Alaska Airlines' Chief Riding Out the Turbulence

Bill Ayer has weathered a reorganization, safety worries and economic challenges, but he feels the worst has passed and customer loyalty will keep his company on top.

In June 2003, Ayer unveiled "Vision 2010," which sought to trim Alaska's expenses by $300 million per year by 2010 without cutting employees.

Post-9/11 strategy

Alaska had expanded after 9/11, rather than rushing to cut workers and drop flights, as most U.S. airlines had done.

Alaska was able to do that because it had a stronger balance sheet than most of its peers. The carrier added flights from Seattle-Tacoma International Airport to New York, Boston, Miami and other East Coast destinations as stumbling heavyweights such as United pulled back.

Yet Alaska was not immune from the industry's hardships. Passenger counts at all airlines dropped sharply in 2002, and airfares plummeted as carriers fought to attract any traveler who took to the skies.

Consequently, Alaska posted a net loss of $118 million for the year, and cost cuts were in order.

But within a year of launching his incremental Vision 2010 plan, with fuel prices surging higher, it was clear that faster, more drastic actions were needed.

"We lost $200 million over four years. And I said, I guess we better step this up, we better look at every opportunity what is controllable about our cost structure?"

One of the most controllable costs, in any company, is labor.

Alaska laid off 900 mechanics, managers and aircraft cleaners in the summer and fall of 2004.

Then last May, a mediator imposed pay cuts averaging 26 percent on Alaska pilots, and the airline laid off 472 ramp workers at Sea-Tac after negotiations on a new union contract hit an impasse.

Alaska hired Menzies Aviation, which handles ground operations for dozens of airlines at 90 airports around the world, to take over its ramp work in Seattle.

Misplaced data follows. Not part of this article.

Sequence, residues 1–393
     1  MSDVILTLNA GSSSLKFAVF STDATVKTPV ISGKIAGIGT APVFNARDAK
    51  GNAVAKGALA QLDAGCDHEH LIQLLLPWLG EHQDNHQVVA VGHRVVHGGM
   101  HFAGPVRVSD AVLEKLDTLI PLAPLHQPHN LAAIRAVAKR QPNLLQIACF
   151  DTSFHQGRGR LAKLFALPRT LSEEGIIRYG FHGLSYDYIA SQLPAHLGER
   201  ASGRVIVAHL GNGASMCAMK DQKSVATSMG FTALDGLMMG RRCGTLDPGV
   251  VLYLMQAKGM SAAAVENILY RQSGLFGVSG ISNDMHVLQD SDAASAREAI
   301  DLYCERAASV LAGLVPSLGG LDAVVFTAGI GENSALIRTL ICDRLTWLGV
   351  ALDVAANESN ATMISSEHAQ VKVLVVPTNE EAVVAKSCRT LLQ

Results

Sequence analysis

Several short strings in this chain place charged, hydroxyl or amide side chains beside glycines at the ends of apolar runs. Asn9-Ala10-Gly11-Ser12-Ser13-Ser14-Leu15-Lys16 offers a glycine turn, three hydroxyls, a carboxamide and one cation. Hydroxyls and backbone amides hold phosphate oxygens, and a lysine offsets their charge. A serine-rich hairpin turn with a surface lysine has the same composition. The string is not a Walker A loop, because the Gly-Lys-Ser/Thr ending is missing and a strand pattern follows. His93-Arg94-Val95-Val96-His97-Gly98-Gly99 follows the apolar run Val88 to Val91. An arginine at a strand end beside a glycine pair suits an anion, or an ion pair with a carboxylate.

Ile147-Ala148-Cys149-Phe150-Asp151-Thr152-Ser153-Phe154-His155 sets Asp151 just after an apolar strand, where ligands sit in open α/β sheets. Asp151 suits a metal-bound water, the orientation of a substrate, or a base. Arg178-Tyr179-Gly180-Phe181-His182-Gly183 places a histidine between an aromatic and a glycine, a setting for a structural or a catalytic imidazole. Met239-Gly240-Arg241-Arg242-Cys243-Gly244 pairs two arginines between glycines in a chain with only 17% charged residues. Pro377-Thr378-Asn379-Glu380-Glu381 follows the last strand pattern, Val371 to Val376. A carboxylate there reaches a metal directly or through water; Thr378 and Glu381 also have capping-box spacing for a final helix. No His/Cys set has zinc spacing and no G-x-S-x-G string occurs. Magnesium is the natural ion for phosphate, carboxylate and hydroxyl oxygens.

Problems began almost immediately. Luggage took ages to reach baggage carousels, and bags were lost. Flight delays became commonplace, and Alaska's on-time performance slipped to worst among 19 major U.S. airlines.

"As I look back at the decisions that we've made, I would say that they have largely been the right decisions. Certainly the direction has been right," Ayer said.

"The timing of a couple things, we might have done differently. This change with Menzies happening in May, as we led into the summer with all of the traffic. ... Earlier would have been better."

Safety scrutinized

Alaska's recent mishaps the sort that occur regularly at various airlines likely would have drawn less notice had it not been for its earlier history with the crash of Flight 261 in January 2000, in which 88 died.

Investigators concluded that disaster was caused by improper lubrication of the jackscrew that controlled the MD-80's horizontal stabilizer. The Federal Aviation Administration audited Alaska's maintenance programs after the crash and fined the carrier $988,500 for numerous violations.

The safety of Alaska's operations since has been monitored closely by passengers and regulators alike.

Against this backdrop, the airline's Dec. 26 depressurization accident triggered many alarms.

While servicing an Alaska MD-80 on the ground at Sea-Tac, a Menzies worker bumped the plane with a baggage loader and damaged the plane's fuselage.

The worker did not report the damage, and the plane departed for Burbank, Calif., on schedule.

But as the plane climbed to 26,000 feet, a 1-foot-by-6-inch hole erupted in the side of the plane, causing it to depressurize. Pilots put the plane into a steep dive followed by an emergency return to Sea-Tac.

Days later, another Menzies worker damaged an Alaska jet when he accidentally put a tug into gear and pulled the plane into a passenger jetway.

Alaska and Menzies assembled task forces to study ground operations at Sea-Tac, and each added supervisors to ensure that ramp workers were trained properly and followed procedures.

Workers were urgently reminded to report any and all damage to airplanes, and safety procedures were reinforced, Ayer said.

Staffing remains a concern.

"They haven't been able to get fully staffed the whole time they've been operating for us," Ayer said.

Menzies officials acknowledged last month that 50 percent of its staff has turned over since it took over Alaska's Seattle ground operations.

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